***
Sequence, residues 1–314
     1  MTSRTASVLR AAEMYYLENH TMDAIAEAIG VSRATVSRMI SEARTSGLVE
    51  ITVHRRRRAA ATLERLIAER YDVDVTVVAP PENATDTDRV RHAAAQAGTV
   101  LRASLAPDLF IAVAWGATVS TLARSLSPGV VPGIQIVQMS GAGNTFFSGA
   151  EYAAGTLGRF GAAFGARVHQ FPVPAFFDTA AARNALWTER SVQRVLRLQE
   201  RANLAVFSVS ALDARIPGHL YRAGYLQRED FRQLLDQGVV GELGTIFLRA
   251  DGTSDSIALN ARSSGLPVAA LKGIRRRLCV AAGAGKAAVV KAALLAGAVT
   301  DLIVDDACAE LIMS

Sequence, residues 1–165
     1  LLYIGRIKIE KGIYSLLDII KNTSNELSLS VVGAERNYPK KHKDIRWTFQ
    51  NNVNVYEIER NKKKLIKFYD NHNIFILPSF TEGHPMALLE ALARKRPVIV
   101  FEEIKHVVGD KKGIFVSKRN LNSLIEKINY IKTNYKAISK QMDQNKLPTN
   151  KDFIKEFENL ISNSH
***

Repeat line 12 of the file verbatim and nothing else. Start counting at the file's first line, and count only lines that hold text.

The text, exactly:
   101  FEEIKHVVGD KKGIFVSKRN LNSLIEKINY IKTNYKAISK QMDQNKLPTN